As far as the validity of this argument goes, it is hard to find any. I do agree that the prices of most of the NFT collections are ridiculously inflated and there is a limited semblance of real value creation to justify it. How do you defend a million-dollar value for an access pass that gives you some engagement on Twitter and provides access to some events? Well, it is no different than the art market.

Art is intrinsically worthless and yet we have paintings being sold for millions. This is because there is a subset of the population that believes it holds that value. With NFTs, you have the added benefit of providing additional utilities and a thriving community to back it up. With that said, this only applies to 1% of all the NFT collections today. NFTs have quickly gone mainstream in 2021 and when there's a gold rush, everyone wants to jump in. There are countless knock-off projects that do not have a vision and in the end, would most likely look like pyramid schemes.

There is already scarcity in the physical world, why go through all these lengths to add it to the digital world?

It is a fair point. We already have a world with a lack of resources so why should we artificially produce scarcity in a digital world where duplication is practically free? Well, the answer lies in what NFTs are being used for today. Also, just to preface my argument, when I talk about NFTs, I mean legitimate projects that are actually delivering value and not rug pull cash grabs.

The scarcity allows the formation of a tight-knit community and provides direct access to the artist. The artificial scarcity also allows the artist to directly fund their art and make it better for the fans to enjoy it. Digital artists have been at the bottom end of the chain for way too long and when a technology allows them to capitalize on their talent, it should be applauded.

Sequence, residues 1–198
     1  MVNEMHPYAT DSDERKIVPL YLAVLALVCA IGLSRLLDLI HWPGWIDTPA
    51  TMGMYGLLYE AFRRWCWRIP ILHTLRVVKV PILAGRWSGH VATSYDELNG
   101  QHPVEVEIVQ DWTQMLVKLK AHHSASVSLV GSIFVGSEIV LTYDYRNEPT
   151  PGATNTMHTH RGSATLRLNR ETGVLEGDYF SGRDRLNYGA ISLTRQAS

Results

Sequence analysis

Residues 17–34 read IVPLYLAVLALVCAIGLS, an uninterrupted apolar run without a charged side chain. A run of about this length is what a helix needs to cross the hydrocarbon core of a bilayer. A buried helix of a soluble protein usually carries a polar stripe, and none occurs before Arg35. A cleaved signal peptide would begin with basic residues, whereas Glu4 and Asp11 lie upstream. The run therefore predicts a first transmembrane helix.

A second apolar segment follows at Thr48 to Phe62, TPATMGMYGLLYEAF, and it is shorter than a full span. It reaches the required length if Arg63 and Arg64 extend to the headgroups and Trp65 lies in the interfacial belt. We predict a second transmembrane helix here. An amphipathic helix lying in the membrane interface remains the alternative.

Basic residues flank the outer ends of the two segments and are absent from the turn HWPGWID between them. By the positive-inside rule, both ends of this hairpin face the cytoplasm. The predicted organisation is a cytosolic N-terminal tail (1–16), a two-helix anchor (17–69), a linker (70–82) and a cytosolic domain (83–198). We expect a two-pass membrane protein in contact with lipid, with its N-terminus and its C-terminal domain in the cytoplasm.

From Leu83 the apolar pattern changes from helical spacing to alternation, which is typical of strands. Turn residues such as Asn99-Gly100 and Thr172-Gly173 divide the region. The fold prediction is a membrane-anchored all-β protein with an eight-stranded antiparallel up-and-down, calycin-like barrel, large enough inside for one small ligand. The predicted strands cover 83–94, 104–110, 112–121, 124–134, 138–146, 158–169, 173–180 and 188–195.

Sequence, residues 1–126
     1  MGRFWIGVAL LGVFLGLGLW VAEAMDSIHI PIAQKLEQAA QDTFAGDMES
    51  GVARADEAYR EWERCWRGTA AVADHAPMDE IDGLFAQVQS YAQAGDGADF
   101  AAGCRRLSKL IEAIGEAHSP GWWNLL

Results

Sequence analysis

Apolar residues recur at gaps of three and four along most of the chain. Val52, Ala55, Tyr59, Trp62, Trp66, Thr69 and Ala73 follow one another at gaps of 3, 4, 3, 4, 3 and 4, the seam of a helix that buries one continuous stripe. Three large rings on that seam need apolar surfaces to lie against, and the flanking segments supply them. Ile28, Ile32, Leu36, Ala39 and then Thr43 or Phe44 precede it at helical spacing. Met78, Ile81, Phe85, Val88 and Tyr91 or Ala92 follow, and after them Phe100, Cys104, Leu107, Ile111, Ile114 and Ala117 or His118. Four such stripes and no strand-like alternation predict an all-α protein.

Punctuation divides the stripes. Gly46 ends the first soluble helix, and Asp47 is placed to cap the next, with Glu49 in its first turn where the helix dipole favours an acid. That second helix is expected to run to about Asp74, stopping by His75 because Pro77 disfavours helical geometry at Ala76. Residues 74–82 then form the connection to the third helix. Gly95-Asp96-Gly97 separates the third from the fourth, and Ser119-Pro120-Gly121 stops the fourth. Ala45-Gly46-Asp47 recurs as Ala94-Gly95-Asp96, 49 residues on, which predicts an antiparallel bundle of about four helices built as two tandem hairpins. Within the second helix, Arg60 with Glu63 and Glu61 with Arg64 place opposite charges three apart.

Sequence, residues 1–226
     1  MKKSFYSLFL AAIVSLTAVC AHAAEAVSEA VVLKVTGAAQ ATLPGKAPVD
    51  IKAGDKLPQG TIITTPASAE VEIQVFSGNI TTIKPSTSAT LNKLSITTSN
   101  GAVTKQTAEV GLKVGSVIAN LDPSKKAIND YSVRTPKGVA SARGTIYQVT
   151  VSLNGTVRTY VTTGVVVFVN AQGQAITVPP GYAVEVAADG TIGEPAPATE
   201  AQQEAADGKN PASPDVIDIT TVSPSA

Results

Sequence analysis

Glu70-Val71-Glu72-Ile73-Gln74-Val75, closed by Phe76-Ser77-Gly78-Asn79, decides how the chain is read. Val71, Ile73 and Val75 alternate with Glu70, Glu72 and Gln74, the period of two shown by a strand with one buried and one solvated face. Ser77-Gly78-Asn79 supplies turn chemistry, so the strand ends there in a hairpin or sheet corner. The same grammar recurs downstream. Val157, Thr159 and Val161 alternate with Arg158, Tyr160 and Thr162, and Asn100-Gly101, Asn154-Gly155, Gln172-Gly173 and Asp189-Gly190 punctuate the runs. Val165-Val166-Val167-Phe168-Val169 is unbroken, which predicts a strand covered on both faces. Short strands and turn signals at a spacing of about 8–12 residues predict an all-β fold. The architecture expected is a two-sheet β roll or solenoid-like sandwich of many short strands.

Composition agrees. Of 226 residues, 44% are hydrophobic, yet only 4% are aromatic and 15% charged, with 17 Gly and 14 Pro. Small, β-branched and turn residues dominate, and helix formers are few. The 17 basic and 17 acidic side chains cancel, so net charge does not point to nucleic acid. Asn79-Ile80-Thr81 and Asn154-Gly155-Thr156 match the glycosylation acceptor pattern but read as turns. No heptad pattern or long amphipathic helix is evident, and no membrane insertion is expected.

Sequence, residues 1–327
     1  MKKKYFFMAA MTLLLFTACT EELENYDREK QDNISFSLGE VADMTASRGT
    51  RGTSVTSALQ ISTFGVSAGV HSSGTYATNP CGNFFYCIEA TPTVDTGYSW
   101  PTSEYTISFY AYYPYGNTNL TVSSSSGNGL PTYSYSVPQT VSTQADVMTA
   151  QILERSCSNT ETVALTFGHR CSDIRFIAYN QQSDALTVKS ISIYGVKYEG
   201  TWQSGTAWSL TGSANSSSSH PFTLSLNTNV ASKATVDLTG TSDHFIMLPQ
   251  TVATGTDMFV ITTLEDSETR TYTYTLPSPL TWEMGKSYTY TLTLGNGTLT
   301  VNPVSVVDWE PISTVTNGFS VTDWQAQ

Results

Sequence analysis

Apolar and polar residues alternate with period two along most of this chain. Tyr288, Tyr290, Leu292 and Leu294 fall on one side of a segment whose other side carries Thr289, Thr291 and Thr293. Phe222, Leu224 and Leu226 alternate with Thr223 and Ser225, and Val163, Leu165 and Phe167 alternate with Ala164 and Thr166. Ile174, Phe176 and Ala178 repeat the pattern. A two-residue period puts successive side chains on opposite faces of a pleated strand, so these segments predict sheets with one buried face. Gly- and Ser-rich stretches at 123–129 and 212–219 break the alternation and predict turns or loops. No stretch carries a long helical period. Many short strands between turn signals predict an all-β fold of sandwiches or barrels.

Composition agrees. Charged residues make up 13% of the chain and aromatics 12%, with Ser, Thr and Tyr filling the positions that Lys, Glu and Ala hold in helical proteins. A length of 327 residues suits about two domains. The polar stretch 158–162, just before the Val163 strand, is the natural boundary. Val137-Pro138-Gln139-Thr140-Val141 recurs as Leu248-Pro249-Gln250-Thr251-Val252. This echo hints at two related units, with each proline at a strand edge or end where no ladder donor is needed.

My argument falls a little short when talking about giants like Adidas, Nintendo, etc. entering the NFT space and restricting access to fans as they get priced out by the whales because of the artificial scarcity. There certainly needs to be a balance between what should be made into NFTs. We are still in the experimental phases and I hope that eventually the solution that benefits the artists and the fans would come out on top because of the inherent decentralization.

NFTs are rife with scams and they are driven by hype generated by loudmouths constantly peddling them everywhere.

There is a lot of truth to this argument. NFTs are rife with scams and part of the reason is that it is an unregulated space with the potential to generate substantial economic value. On any given day, I receive at least ten scam DMs posing as the legitimate project. There are also rug pull projects where the anonymous founders run away with the money after the mint. To add to that, scammers are getting smarter by the day and a separate post would be needed to detail all the different scams currently going on.